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The evolution of overconfidence

  1. Sep 26, 2011 #1

    BWV

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    Its well documented that people generally are overconfident of their abilities - a recent paper in Nature speculates how it became an adaptive trait:


    http://arxiv.org/ftp/arxiv/papers/0909/0909.4043.pdf
     
  2. jcsd
  3. Sep 27, 2011 #2
    If memory serves from the social psychology lectures I watched this a well known attribute type of bias where people over rate skills which are highly valued (i.e. such as social skills or morality). On the flip side people can underrate their qualities (relative to the average) on things which aren’t as socially desired or thought of as difficult. Competition would certainly play a factor for a given demographic if the sought after attribute is important to the goals of many people in that demographic.
     
  4. Sep 28, 2011 #3
    We have all seen an overconfident guy get the girl.

    Some might think ''Where does he get off acting like that? He's not smart, good-looking, rich, or anything, but he acts like he's the boss and the girl just believed him... What the...''

    Well, there you go.
     
  5. Sep 28, 2011 #4

    Bobbywhy

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    The tall square-jawed muscular guy on the beach kicks sand onto the shy skinny nerd and grabs the bikini-clad girl. He is actually saying "mate with me, I have good genes". This is called "reproductivie succes" and seems to be based on overconfidence.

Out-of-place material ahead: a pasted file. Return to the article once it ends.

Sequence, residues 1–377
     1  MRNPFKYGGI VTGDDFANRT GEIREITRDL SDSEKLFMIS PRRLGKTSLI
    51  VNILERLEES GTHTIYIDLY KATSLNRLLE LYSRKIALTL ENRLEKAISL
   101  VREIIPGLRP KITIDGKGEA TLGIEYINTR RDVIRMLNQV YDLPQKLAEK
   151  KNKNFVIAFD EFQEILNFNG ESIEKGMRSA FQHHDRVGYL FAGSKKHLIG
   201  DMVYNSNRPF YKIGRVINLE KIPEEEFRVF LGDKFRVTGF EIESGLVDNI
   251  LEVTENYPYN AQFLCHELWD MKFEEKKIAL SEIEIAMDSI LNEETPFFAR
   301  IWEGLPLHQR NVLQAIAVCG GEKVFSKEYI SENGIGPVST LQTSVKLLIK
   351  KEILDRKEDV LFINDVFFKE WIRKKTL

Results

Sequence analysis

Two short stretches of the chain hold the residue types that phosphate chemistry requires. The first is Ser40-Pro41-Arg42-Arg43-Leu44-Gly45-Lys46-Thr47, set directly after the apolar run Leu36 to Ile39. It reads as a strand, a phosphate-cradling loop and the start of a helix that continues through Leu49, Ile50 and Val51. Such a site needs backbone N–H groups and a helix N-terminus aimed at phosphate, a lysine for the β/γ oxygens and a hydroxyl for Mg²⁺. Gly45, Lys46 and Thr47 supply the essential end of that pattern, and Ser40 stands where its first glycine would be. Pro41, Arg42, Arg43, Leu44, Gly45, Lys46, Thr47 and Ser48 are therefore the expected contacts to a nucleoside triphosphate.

But the skinny nerd may later win the Nobel Prize, so the propagation of his genes would be of value to the society also. The girl needs to figure this out before mating.
     
  6. Sep 29, 2011 #5
    The girl doesn't need to figure anything out. Human evolution has her attraction-circuits figured out already.

    The person who needs to figure it out is the skinny nerd.
     
    Last edited: Sep 29, 2011
  7. Sep 29, 2011 #6

    Ryan_m_b

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    Staff: Mentor

    Moved to biology.
     
  8. Sep 29, 2011 #7

    BWV

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    Why? this is a social science article by two political scientists who discuss overconfidence as a learned behavior:

     
  9. Sep 29, 2011 #8

    Ryan_m_b

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    Staff: Mentor

    Any paper that states to offer a model for the evolution of a trait is best discussed in the forum for which evolution is a discipline. This increases the chances of attracting posters who know the subject. Whilst there are likely cultural factors and social consequences this thread has already generated discussion on how overconfidence links to reproductive success and thus would be best suited to a biological discussion.
     
  10. Sep 29, 2011 #9

    bobze

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    This is the application (and possible explanation?) of a rather well known phenomena: http://en.wikipedia.org/wiki/Dunning%E2%80%93Kruger_effect" [Broken].

    Very interesting effect responsible for many a misguided soul's leap to anti-intellectualism :)

    Good to see evolutionary psychology doing science.
     
    Last edited by a moderator: May 5, 2017
  11. Sep 30, 2011 #10
    As far as being confident that something's a predator, its evolutionarily better to lean toward the idea that it is.
     
  12. Oct 1, 2011 #11

    BWV

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    but this is also a rational response under bounded rationality (http://en.wikipedia.org/wiki/Bounded_rationality)

    thinking is costly hence humans tend to rely on heuristics when either the level of uncertainty is high or the payoff for heavy thinking is not worth the cost
     
    Last edited by a moderator: May 5, 2017
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